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Relevance of Place: Jeffrey Gibson

Shannon Jackson interviews cross-media artist Jeffrey Gibson about the arts, geological time, and the importance of indigenous perspectives, both in his practice and at Tippet Rise Art Center. In this episode, Gibson shares indigenous understandings of the land and the importance of a decolonial imagination in publicly-engaged art. Watch to hear him discuss his personal trajectory as an artist committed to aesthetic abstraction, to Native social movements, and to an increasingly collaborative practice amongst artists and local communities.

Filmed in May 2023.

Jeffrey Gibson

Artist Jeffrey Gibson smiles and looks off to the left of the image frame.

Jeffrey Gibson’s multimedia practice synthesizes the cultural and artistic traditions of his Cherokee and Choctaw heritage with the visual languages of Modernism and themes from contemporary popular and queer culture. His work is a vibrant call for queer and Indigenous empowerment, envisioning a celebration of strength and joy within these communities. Gibson’s work is included in the permanent collections of major museums around the world, including the Whitney Museum of American Art, the Denver Art Museum, and the Smithsonian Institution’s National museum of the American Indian.

Jeffrey Gibson (b. 1972, Colorado Springs, CO) grew up in major urban centers in the United States, Germany, Korea, and England. He received a Bachelor of Fine Arts in painting from the School of the Art Institute of Chicago in 1995 and Master of Arts in painting at the Royal College of Art, London, in 1998. He is a citizen of the Mississippi Band of Choctaw Indians and is half Cherokee. He is currently an artist-in-residence at Bard College and lives and works near Hudson, New York. Gibson is a recipient of numerous awards, notably a MacArthur Foundation Fellowship (2019), and was selected to represent the United States at the 2024 edition of the Venice Biennale, one of the world’s most significant international arts events.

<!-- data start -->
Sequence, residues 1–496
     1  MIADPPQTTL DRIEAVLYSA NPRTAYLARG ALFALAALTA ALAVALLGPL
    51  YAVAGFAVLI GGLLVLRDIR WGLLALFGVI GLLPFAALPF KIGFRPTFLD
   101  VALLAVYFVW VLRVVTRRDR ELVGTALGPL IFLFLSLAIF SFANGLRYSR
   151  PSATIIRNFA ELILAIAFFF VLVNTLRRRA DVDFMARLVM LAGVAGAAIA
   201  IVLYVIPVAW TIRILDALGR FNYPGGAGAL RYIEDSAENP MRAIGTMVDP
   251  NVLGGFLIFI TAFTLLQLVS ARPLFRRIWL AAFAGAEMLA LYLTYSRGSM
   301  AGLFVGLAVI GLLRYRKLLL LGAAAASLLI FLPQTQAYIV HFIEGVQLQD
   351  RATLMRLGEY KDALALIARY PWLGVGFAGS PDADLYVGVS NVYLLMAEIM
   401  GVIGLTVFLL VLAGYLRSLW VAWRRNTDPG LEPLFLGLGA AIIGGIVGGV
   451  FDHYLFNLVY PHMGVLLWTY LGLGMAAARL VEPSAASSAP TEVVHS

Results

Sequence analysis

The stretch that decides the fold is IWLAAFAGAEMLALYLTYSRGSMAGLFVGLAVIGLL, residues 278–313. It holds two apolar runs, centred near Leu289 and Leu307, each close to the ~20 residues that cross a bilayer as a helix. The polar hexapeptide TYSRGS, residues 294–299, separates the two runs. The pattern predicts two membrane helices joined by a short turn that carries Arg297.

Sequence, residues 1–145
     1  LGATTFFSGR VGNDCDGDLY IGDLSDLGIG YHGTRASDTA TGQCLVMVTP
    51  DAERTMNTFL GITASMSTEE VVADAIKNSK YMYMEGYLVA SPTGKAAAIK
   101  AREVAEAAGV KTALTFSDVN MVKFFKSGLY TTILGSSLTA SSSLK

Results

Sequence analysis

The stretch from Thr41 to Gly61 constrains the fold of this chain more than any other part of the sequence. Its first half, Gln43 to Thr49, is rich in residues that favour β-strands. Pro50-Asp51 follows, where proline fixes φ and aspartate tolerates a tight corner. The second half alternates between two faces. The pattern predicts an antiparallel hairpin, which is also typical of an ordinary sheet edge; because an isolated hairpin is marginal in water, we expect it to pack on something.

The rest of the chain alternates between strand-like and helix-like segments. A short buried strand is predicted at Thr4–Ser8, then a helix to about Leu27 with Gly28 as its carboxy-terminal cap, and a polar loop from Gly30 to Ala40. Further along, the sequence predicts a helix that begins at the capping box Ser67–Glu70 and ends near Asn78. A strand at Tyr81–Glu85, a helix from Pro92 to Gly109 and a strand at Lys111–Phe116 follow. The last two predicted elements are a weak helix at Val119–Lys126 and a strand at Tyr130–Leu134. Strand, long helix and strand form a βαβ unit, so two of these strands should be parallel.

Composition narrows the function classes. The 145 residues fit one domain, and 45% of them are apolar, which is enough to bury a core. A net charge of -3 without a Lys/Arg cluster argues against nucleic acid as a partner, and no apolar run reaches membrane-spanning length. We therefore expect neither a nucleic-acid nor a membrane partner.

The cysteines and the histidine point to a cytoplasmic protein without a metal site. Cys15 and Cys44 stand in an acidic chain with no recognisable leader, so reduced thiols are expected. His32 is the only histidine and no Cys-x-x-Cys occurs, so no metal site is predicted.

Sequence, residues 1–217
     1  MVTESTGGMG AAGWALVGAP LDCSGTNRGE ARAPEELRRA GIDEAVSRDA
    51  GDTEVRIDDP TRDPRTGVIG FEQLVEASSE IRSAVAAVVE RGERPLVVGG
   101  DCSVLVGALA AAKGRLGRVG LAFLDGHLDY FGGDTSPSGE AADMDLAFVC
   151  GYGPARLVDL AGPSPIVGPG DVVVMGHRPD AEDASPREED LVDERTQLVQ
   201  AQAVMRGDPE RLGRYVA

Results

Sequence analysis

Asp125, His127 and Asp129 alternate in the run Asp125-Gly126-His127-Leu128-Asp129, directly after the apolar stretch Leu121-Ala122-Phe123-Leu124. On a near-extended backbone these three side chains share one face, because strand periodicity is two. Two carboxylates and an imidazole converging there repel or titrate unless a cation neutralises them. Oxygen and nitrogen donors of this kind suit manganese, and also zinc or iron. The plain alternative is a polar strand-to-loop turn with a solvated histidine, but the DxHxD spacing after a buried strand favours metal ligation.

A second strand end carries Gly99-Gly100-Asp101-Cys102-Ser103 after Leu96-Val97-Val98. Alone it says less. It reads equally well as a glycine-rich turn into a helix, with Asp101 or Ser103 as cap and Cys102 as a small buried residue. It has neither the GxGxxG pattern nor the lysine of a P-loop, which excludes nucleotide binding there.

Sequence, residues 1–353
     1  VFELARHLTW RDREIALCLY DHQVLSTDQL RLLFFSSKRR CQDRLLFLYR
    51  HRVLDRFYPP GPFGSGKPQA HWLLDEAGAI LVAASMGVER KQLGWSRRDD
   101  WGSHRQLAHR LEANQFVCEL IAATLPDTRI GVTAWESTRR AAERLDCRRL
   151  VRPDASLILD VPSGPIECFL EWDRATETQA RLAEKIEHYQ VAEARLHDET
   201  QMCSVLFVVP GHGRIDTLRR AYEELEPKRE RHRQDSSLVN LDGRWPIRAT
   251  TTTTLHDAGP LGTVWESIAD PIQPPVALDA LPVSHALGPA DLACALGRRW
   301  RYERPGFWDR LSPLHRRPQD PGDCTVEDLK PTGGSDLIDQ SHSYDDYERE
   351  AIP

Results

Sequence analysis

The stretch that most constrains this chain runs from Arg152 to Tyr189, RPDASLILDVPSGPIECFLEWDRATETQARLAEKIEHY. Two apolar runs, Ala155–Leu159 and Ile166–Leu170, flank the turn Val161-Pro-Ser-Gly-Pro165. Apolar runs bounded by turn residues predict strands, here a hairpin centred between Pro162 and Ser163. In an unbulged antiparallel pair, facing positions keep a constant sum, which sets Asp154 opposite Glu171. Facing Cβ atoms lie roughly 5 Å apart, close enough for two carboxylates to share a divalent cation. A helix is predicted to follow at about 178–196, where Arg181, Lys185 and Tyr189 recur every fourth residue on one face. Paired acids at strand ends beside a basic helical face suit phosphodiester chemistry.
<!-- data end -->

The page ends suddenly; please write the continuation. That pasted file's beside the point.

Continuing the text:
Shannon Jackson

Shannon Jackson holds the Hadidi Professorship at the University of California, Berkeley, where she currently serves as Chair of the History of Art Department. Jackson is a scholar and educator of cross-media art practice and of socially-engaged art. A Guggenheim fellow and award-winning author, she has published several books and online platforms, including Back Stages (2022), Public Servants (2016), The Builders Association (2015), Social Works (2011) as well as In Terms of Performance and Media Art 21. Jackson serves on the boards of several arts organizations, including Oakland Museum of the Arts, Berkeley Art Museum/Pacific Film Archive, Headlands Center for the Arts, the Minnesota Street Project Foundation, and the Kramlich Art Foundation. As a guest program advisor to Tippet Rise, Jackson helped to create the Relevance of Place series of site-specific dialogues.